Deutsche Bank expects lower 2017 revenue after mixed second quarter

FRANKFURT (Reuters) - Deutsche Bank DBKGn.DE forecast lower full-year revenue and only a modest improvement in earnings on Thursday, after a drop in capital markets trading hit second-quarter sales.

FILE PHOTO: The head quarters of Germany's Deutsche Bank are photographed early evening in Frankfurt, Germany, January 31, 2017. REUTERS/Kai Pfaffenbach/File Photo

The muted outlook and a 10 percent fall in revenue sent shares in Germany’s biggest bank almost 4 percent lower by midday on concerns its turnaround could prove a long slog rather than a quick fix.

Chief Executive John Cryan said the group’s second-quarter profitability fell short of its longer-term goals.

“Revenues were not as universally strong as we would have liked, in large measure because of muted client activity in many of the capital markets,” he said in a statement.

Cryan later suggested that the outlook for trading income could improve in the second half of the year. In an interview on CNBC, Cryan said he “can’t imagine” volatility levels would stay as low as they currently are.

UBS said that it was pleased with Deutsche Bank’s progress on costs and capital. “But we think a fundamental re-rating would have to be driven by stronger revenues,” UBS analyst Daniele Brupbacher wrote to investors.

Deutsche Bank has become a major player on Wall Street over the past two decades but extravagant bets and poor conduct have resulted in a litigation bill of 15 billion euros ($17.6 billion) since 2009.

In an effort to repair the bank’s bottom line and reputation, Cryan has been cutting costs and focused on three divisions - corporate and investment banking, private and commercial banking, and asset management.

In March the bank announced it would partially list its asset management business in a deal that could raise 2 billion euros.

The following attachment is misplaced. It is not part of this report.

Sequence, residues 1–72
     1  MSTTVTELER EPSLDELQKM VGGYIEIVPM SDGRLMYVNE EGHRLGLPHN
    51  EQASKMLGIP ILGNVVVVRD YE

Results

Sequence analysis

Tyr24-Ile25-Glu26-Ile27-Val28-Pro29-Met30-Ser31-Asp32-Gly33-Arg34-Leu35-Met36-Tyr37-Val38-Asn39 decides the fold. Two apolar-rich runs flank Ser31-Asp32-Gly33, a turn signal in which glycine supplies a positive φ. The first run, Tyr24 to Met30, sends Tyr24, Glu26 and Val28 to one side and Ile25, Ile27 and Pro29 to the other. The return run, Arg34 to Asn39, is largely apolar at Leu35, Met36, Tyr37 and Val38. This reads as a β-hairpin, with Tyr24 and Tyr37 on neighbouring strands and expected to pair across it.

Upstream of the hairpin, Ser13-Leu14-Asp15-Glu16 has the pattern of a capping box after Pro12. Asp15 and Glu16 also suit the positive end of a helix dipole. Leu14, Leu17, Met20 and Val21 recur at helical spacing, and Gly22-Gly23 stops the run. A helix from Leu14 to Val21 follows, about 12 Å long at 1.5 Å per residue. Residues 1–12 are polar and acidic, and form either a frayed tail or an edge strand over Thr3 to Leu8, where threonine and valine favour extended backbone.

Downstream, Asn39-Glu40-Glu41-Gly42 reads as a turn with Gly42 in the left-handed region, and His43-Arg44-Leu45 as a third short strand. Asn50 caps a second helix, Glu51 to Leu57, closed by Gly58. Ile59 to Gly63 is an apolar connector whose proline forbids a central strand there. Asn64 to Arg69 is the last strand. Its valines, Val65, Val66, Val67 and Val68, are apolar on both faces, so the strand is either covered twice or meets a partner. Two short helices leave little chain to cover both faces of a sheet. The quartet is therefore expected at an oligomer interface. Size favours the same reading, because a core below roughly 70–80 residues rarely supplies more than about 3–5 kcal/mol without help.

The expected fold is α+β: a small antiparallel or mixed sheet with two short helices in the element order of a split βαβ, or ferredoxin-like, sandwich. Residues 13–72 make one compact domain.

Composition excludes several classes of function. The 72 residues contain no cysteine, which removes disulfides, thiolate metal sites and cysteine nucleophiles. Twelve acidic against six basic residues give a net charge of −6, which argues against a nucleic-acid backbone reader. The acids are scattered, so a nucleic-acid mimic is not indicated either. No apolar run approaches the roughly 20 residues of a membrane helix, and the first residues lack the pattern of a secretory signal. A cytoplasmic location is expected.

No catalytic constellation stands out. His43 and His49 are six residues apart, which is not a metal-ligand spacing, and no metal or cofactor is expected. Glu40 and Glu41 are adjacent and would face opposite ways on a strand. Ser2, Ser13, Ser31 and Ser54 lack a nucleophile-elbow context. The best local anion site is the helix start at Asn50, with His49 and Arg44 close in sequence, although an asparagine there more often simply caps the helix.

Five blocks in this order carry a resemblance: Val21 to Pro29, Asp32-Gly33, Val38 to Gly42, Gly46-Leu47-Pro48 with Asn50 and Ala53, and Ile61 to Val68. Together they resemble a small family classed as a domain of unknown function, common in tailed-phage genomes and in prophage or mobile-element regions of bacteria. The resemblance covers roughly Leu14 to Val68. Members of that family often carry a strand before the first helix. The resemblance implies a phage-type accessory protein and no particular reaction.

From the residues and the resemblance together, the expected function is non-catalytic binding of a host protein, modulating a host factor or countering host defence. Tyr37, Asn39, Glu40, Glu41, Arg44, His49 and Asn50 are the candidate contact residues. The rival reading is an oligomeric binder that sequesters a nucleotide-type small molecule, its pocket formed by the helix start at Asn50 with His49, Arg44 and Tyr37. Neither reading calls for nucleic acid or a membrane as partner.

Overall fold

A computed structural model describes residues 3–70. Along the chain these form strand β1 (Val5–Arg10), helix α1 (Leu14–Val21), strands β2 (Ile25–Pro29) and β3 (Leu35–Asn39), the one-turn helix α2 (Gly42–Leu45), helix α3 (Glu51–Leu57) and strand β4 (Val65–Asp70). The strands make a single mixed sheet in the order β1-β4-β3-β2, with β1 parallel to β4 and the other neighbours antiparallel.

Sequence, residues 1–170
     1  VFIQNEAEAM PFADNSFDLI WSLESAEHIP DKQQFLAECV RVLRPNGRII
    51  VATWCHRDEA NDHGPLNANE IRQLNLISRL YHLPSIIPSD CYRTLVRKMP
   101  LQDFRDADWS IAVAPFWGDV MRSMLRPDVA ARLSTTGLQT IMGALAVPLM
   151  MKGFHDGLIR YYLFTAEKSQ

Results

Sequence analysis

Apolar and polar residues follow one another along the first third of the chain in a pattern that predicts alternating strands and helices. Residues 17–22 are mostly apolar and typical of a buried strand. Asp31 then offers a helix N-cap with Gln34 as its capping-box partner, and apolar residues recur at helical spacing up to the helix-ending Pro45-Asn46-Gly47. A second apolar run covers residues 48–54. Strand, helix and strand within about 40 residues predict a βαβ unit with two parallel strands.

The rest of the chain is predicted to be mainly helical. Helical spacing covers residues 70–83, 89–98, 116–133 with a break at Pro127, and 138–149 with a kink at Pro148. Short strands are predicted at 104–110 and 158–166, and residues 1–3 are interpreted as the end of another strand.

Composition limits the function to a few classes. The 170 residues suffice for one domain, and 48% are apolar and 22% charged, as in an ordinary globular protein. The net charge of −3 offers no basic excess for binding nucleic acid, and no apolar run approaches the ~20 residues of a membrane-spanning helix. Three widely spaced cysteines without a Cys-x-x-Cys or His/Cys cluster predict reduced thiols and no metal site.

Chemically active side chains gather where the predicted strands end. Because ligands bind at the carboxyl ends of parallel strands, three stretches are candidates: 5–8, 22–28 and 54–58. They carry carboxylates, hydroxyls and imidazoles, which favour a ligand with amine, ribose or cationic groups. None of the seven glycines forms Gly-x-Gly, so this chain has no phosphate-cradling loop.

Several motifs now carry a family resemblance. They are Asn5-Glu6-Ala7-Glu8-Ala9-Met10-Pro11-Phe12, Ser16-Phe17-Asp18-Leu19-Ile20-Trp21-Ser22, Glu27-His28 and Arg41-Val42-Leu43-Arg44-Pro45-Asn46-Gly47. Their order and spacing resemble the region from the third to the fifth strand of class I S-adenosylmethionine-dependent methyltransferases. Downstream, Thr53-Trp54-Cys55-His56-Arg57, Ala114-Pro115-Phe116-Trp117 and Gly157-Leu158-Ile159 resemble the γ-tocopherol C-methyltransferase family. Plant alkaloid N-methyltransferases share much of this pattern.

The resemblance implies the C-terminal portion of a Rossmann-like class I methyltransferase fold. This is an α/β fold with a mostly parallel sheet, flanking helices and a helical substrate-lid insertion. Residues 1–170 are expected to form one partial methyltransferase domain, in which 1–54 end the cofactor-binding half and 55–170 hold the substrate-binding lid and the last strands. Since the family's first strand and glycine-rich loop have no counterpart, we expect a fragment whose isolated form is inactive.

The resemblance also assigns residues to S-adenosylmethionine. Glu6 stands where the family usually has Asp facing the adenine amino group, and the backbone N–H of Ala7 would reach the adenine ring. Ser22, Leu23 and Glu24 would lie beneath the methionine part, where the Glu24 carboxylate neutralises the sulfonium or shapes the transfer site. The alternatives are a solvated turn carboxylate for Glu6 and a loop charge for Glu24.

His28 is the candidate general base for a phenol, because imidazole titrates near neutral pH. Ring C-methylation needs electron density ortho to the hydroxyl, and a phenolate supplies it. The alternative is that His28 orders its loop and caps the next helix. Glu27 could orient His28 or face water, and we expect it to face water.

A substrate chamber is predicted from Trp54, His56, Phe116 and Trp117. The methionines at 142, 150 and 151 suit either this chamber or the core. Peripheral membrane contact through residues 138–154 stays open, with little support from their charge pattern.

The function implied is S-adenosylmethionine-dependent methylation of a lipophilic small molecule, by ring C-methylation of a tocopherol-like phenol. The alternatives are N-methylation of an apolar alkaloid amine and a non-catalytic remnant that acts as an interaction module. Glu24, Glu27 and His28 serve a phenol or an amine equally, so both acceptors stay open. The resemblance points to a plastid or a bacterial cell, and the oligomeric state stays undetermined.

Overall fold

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Investors expected the bank to move quickly to take advantage of buoyant equity markets, but the planned listing is now unlikely before the first half of next year and could come later.

The bank cut headcount in the quarter by 479 full-time staff, the majority in private and commercial banking. Staffing stood at 96,652 at the end of the quarter.

At the same time, the bank will incur costs - as yet unspecified - as a result of Britain’s exit from the European Union.

It is expecting to add jobs in Frankfurt, where it will replicate a structure that is interchangeable with its London operations.

The bank is recovering from multiple legal battles ranging from its role in the marketing of U.S. mortgage-backed securities to a so-called “mirror trading” scheme that could be used for money laundering.

Deutsche’s board has been trying to force former managers to pay for those misdeeds, and a deal is close. One current and 10 former Deutsche executives have agreed to waive just under 40 million euros in bonuses, people close to the matter said on Thursday.

Provisions for possible future legal action fell to 2.5 billion euros in the quarter. Deutsche said it anticipated its legal expenses to rise in the second half of 2017 after virtually no litigation expense in the first.

Deutsche Bank beat forecasts with a jump in second quarter net profit to 466 million euros from just 20 million a year earlier, helped by cost cutting. Analysts had forecast a profit of 273 million.

However, revenue fell 10 percent to 6.6 billion euros, and Deutsche said it expected revenue from its operating businesses to be lower in 2017 than last year. It had previously forecast broadly flat revenue.

“I wouldn’t like to suggest this is the level of revenues that we are happy with because we do want to grow the business,” Cryan said on CNBC.

Revenue at its cash-cow bond-trading division fell 12 percent as lower market volatility led to less client trading of interest rate and foreign exchange products. Sales fell 28 percent in equity trading.

Debt trading fell 40 percent at Goldman Sachs GS.N and declined by 4 to 19 percent at Morgan Stanley MS.N, Citigroup C.N, Bank of America BAC.N and JPMorgan JPM.N.

Reporting by Tom Sims and Arno Schuetze; editing by Mark Potter and Jason Neely